Henry & Ho-Ho: Donkey in Distress
Henry and Ho-Ho were having a morning orange drink underneath Ho-Ho’s tree. “We have helped such a lot of people these last few weeks,” said Henry, and it has been fun doing it – especially with you to advise me Ho-Ho.”
Ho-Ho nodded; he had enjoyed himself enormously as well. If only life could carry on just like this … but where would they be able to keep finding people who needed help? So far all their adventures had happened so naturally – without trying at all.
“Let’s go to the seaside!” said Ho-Ho suddenly. It was most unlike Ho-Ho to suggest anything; he normally just waited for henry to make the decisions. “You see,” he continued, “I just have a feeling that we might be needed there.”
That was more than enough for Henry. In no time as all, they had strapped on Ho-Ho’s giant roller skates and were speeding toward the seaside. They were more than half way when Henry spotted a strange sight at the side of the road. It was a cart piled high with belongings. The donkey who had been pulling it had been released from his harness and was lying at the side of the road. A kindly looking man and his daughter were patting the animals head, with the little girl in tears.
“Woa!” shouted Henry, but Ho-Ho had already spotted the trouble and was slowing down to investigate.
“There, there old girl,” the man was saying to the poor old donkey, “it’ll be alright, you’ll see.”
It made Henry and Ho-Ho very sad to see the little girl crying and the donkey so sad and poorly.
“I’m Henry and this is my friend and elephant Ho-Ho,” said Henry “can we be of service?” (Henry had seen someone on the television say can I be of service’ and thought it sounded rather grown up).
“I don’t think you can,” said the man sighing deeply, “you see, we are on our way to Southpool but our poor donkey just can’t go any further; she is just totally exhausted. I really don’t know what you can do.”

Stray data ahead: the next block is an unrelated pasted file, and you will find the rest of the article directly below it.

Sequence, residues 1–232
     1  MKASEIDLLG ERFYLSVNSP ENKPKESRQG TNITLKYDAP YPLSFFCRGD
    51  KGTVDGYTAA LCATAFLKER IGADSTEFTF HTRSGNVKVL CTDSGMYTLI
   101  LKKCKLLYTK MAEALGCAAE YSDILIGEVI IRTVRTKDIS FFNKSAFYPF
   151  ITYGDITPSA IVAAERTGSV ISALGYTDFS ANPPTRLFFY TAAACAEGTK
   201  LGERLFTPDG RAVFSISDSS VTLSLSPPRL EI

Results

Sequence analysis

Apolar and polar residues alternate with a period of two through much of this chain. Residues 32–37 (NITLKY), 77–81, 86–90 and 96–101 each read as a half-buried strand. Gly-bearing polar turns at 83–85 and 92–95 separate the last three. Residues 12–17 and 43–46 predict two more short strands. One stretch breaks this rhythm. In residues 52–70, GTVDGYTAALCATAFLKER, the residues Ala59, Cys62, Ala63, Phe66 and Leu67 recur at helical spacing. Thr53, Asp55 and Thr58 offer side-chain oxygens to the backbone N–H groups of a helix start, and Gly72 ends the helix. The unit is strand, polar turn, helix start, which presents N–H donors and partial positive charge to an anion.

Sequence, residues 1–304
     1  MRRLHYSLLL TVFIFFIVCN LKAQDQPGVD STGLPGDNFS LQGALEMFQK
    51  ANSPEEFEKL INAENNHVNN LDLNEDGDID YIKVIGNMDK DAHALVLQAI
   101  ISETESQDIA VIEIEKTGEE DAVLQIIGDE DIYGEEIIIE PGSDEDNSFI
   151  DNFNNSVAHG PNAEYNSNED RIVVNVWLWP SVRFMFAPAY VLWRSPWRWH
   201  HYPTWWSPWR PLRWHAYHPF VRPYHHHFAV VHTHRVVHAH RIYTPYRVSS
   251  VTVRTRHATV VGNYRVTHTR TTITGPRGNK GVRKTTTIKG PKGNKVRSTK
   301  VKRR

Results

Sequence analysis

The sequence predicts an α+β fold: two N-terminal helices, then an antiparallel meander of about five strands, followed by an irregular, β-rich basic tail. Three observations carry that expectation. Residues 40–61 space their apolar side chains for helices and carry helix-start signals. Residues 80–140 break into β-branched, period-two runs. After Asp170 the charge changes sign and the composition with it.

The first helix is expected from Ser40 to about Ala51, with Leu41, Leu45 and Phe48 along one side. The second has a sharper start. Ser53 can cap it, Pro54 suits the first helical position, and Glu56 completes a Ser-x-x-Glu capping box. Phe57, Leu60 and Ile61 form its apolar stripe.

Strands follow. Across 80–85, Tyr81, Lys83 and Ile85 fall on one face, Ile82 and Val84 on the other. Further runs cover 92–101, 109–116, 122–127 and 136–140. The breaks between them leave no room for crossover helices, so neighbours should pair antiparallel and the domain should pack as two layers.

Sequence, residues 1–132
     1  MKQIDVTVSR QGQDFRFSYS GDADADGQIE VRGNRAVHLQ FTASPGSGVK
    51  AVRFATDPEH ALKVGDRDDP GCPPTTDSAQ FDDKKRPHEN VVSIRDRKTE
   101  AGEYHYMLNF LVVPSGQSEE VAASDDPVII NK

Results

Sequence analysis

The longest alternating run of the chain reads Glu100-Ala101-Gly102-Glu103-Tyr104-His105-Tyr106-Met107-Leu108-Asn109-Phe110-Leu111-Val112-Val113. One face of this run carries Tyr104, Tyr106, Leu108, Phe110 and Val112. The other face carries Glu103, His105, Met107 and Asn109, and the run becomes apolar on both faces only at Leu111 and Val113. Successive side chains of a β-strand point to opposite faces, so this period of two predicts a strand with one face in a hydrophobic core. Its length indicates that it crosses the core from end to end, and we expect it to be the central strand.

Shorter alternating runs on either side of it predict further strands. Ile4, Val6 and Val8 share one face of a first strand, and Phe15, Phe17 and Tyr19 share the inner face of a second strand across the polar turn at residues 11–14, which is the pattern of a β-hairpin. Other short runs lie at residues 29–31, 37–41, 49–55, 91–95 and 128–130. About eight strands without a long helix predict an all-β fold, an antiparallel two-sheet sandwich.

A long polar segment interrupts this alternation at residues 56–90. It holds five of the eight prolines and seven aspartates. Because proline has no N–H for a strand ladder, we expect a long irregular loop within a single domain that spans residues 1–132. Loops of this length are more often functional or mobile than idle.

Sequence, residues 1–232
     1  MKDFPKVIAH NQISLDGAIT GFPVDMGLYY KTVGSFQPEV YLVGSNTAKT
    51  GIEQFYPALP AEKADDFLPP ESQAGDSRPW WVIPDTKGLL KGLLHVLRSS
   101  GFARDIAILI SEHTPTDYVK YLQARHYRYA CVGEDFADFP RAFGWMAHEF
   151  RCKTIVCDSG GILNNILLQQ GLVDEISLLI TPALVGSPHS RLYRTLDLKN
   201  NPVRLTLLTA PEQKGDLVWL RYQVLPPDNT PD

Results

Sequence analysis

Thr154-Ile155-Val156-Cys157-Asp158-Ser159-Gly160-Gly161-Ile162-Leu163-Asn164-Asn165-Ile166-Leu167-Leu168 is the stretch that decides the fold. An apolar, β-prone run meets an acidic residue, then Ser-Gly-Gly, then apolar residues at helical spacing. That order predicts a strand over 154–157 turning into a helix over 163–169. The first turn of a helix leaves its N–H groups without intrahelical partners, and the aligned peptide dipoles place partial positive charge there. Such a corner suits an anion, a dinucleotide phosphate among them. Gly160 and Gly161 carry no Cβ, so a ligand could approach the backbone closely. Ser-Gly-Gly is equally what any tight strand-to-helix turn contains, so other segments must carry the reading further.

Henry looked at the old donkey.
“You’re sure she isn’t ill or something?” he asked.
The man smiled and shook his head.
“Oh no, she isn’t ill – and I should know. Let me introduce myself,” the man continued, “Harry Biggins and this is my daughter Fiona. I’m an animal trainer and we’re just going to my new job at the circus in Southpool.” Henry and Ho-Ho whispered together for a few minutes; they both had the same idea.
“What we must do,” said Henry feeling very grown up, "is for you and your daughter to travel on Ho-Ho’s back with me and we’ll put your donkey in the cart and tow her along behind!” Harry was delighted, though he did make Ho-Ho- promise not to go too fast as he had never seen an elephant on roller skates before!
Henry, Harry and Fiona had a nice long chat during the rest of the journey and Henry found out lots of interesting things about these nice people. Harry probably knew more about donkeys than anyone else in the world, and Fiona wanted to become a tightrope walker when she grew up.
All too soon, Henry and Ho-Ho were dropping off their new friends at the circus, which was quite near the beach.
“Well, that was our good deed for today!” said Henry.
“Perhaps,” said Ho-Ho, hot and smiling, “but you never can tell.”